In the coming weeks/months, I’ll try to continue putting recommended books on the remainder of the rest of the spectrum, the balance of which follows in outline form below. As always, I welcome suggestions and recommendations based on others’ experiences as well. If you’d like to suggest additional resources in any of the sections below, please do so via our suggestion box. For those interested in additional resources, please take a look at the ITBio Resources page which includes information about related research groups; references and journal articles; academic, research institutes, societies, groups, and organizations; and conferences, workshops, and symposia.

These books are written at a level that can be grasped and understood by most with a freshmen or sophomore university level. Coursework in math, science, and engineering will usually presume knowledge of calculus, basic probability theory, introductory physics, chemistry, and basic biology.

These books are written at a level that can be grasped and understood by those at a junior or senor university level. Coursework in math, science, and engineering may presume knowledge of probability theory, differential equations, linear algebra, complex analysis, abstract algebra, signal processing, organic chemistry, molecular biology, evolutionary theory, thermodynamics, advanced physics, and basic information theory.

These books are written at a level that can be grasped and understood by most working at the level of a master’s level at most universities.  Coursework presumes all the previously mentioned classes, though may require a higher level of sub-specialization in one or more areas of mathematics, physics, biology, or engineering practice.  Because of the depth and breadth of disciplines covered here, many may feel the need to delve into areas outside of their particular specialization.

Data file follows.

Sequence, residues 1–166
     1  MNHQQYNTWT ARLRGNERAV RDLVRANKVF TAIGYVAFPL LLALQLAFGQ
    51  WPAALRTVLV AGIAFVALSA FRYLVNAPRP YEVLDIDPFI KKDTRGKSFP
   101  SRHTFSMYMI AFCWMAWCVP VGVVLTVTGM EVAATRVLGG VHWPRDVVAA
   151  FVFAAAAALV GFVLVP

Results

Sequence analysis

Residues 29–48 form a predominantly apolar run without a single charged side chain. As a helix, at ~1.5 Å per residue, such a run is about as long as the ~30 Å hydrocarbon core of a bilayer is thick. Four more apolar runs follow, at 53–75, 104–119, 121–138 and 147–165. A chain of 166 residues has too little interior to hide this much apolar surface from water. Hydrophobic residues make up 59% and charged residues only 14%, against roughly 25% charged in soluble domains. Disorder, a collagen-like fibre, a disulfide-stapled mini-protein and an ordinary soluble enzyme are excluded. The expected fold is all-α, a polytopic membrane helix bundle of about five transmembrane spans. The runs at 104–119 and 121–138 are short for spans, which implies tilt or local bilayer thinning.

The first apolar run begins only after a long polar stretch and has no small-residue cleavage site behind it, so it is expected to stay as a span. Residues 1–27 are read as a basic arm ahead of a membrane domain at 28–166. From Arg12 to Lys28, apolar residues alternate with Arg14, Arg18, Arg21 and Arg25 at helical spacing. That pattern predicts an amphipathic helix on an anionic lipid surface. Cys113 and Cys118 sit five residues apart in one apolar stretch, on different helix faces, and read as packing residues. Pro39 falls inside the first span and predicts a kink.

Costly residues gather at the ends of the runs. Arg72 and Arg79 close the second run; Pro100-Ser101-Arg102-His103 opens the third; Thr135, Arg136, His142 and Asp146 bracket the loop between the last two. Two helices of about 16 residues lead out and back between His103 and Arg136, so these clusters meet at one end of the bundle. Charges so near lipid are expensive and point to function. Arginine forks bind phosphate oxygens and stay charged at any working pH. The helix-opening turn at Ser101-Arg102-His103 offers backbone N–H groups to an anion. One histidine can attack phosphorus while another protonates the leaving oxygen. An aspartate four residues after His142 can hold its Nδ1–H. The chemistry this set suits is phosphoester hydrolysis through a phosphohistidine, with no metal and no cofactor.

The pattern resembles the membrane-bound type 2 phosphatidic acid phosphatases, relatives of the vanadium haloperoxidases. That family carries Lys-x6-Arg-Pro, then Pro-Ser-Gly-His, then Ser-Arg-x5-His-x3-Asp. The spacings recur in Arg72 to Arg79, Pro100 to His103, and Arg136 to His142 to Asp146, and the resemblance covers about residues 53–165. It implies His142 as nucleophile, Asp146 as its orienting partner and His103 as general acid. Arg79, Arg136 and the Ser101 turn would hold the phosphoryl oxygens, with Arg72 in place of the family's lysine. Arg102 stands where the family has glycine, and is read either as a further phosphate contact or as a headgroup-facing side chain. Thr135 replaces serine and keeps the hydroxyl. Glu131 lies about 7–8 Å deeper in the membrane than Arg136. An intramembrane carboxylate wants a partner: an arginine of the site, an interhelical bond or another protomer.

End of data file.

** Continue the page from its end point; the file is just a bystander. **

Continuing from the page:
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## Nicolas Perony: Puppies! Now that I’ve got your attention, complexity theory | TED

Animal behavior isn't complicated, but it is complex. Nicolas Perony studies how individual animals — be they Scottish Terriers, bats or meerkats — follow simple rules that, collectively, create larger patterns of behavior. And how this complexity born of simplicity can help them adapt to new circumstances, as they arise.

For those who are looking for a good, simple, and entertaining explanation of the concept of emergent properties and behavior within complexity theory (or Big History), I just came across a nice TED talk that simplifies complexity using a few animal examples including a cute puppy video as well as a bat and a meerkat example. The latter two also have implications for evolution and survival which are lovely examples as well.

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## Schools of Thought in the Hard and Soft Sciences

A framework for determining the difference between the hard and soft sciences.

A recent post in one of the blogs at Discover Magazine the other day had me thinking about the shape of science over time.

The article made me wonder about the divide between the ‘soft’ and ‘hard’ sciences, and how we might better define and delineate them. Perhaps in a particular field, the greater the proliferation of “schools of though,” the more likely something is to be a soft science? (Or mathematically speaking, there’s an inverse relationship in a field between how well supported it is and the number of schools of thought it has.) I consider a school of thought to be a hypothetical/theoretical proposed structure meant to potentially help advance the state of the art and adherents join one of many varying camps while evidence is built up (or not) until one side carries the day.

Theorem: The greater the proliferation of “schools of though,” the more likely something is to be a soft science.

Generally in most of the hard sciences like physics, biology, or microbiology, there don’t seem to be any opposing or differing schools of thought. While in areas like psychology or philosophy they abound, and often have long-running debates between schools without any hard data or evidence to truly allow one school to win out over another. Perhaps as the structure of a particular science becomes more sound, the concept of schools of thought become more difficult to establish?

For some of the hard sciences, it would seem that schools of thought only exist at the bleeding edge of the state-of-the-art where there isn’t yet enough evidence to swing the field one way or another to firmer ground.

#### Example: Evolutionary Biology